Strong demand for virus testing services; snacking surges

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Orange Man, Brian McKee, delivers care packages to individuals who are isolating, to celebrate the 12th of July as traditional large-scale parades were cancelled this year due to the pandemic, in east Belfast, Monday, July 13, 2020. The Twelfth is being celebrated on 13 July as 12 July this year fell on a Sunday, to mark the anniversary of the victory of Protestant William of Orange over Catholic King James II at the Battle of the Boyne in July 1690. (Niall Carson/PA via AP)

The outbreak of the coronavirus has dealt a shock to the global economy with unprecedented speed. Following are developments Monday related to the national and global response, the work place and the spread of the virus.



— Two vaccine candidates from Pfizer and BioNTech being developed to help protect against the virus that causes COVID-19 have received fast track designation from the U.S. Food and Drug Administration. The designation was granted based on preliminary data from early-state studies that are currently ongoing in the U.S. and Germany as well as animal immunogenicity studies. The vaccine candidates are not currently approved for distribution anywhere in the world.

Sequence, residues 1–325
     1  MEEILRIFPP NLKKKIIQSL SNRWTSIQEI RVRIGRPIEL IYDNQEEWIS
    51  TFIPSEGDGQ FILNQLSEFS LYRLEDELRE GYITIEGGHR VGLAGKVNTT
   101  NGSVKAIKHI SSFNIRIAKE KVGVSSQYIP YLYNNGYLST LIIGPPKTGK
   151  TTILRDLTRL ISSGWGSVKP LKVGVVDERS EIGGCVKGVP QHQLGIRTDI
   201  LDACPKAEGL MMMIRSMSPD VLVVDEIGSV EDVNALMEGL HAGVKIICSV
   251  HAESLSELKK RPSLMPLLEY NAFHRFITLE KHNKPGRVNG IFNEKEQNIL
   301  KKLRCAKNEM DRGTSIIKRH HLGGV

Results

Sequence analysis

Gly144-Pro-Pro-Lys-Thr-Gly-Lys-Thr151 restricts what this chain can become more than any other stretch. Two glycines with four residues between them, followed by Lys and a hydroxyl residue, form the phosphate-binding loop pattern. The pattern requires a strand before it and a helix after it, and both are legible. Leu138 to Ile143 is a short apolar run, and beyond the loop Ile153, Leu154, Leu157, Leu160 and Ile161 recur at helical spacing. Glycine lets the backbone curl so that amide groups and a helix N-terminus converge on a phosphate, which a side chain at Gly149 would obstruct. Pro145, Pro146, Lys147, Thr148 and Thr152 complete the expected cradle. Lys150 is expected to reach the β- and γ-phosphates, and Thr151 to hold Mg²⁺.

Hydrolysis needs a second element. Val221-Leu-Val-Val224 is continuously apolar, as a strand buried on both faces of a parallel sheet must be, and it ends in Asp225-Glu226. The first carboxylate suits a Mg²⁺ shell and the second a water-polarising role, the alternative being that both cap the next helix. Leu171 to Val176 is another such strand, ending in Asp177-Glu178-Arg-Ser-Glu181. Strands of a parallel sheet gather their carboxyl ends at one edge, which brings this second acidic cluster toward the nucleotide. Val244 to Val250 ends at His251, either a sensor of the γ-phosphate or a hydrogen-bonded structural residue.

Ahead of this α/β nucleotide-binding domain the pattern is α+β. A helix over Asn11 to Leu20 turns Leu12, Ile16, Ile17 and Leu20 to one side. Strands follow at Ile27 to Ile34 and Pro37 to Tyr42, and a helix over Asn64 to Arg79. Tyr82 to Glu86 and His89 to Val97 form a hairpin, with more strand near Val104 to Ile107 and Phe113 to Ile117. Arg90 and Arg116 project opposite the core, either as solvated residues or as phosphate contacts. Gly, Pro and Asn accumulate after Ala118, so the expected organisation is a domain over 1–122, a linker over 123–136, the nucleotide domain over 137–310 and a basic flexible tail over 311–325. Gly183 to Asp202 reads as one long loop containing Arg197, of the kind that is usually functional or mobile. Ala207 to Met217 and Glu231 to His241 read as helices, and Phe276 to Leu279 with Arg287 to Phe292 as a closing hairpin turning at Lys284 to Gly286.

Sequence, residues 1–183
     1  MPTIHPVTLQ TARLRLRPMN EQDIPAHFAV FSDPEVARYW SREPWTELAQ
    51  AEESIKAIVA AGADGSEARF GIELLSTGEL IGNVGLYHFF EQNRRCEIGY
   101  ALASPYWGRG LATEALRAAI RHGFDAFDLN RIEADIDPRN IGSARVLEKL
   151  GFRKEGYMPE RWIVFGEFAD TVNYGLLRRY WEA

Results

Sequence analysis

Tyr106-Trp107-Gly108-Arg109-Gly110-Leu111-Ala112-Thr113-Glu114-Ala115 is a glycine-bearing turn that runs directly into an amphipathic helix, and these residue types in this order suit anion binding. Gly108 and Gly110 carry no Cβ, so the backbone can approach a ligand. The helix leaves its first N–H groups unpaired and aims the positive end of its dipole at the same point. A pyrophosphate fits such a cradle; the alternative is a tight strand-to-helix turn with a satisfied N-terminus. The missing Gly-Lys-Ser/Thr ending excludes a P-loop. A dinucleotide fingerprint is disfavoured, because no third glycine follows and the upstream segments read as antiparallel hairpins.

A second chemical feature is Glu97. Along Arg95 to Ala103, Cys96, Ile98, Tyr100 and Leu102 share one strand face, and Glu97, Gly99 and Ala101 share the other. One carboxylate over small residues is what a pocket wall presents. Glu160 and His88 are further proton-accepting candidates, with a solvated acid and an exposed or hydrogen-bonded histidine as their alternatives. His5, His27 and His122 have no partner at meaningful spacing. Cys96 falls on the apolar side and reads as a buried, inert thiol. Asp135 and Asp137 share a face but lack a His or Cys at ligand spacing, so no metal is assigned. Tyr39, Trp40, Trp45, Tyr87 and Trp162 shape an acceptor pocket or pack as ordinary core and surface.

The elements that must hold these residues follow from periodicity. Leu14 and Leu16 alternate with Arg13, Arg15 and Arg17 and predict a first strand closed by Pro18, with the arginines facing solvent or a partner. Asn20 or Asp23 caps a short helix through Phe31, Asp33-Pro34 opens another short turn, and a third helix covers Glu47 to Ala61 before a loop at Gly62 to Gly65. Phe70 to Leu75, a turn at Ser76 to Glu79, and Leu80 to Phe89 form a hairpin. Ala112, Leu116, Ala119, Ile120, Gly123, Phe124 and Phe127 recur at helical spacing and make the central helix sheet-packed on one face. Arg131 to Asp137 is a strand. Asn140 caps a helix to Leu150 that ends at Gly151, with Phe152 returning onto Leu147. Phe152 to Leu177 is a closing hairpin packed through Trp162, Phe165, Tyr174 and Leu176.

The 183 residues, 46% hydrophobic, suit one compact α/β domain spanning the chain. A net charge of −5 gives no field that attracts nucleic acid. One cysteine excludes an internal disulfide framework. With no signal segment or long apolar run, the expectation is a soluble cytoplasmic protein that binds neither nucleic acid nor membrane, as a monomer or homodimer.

The companies may begin later-stage trials, which would put the treatments closer to launch, as soon as this month, subject to regulatory approval. They anticipate enrolling up to 30,000 subjects. If the ongoing studies are successful, and the vaccine candidate receives regulatory approval, Pfizer and BioNTech currently expect to make up to 100 million doses by year-end and potentially more than 1.2 billion doses by the end of 2021.

— Quest Diagnostics is seeing growing demand for its COVID-19 testing services, though at a cost. The company said Monday that second-quarter testing volumes in its base business (excluding COVID-19 molecular and antibody testing) declined approximately 34% from a year ago, according to preliminary results.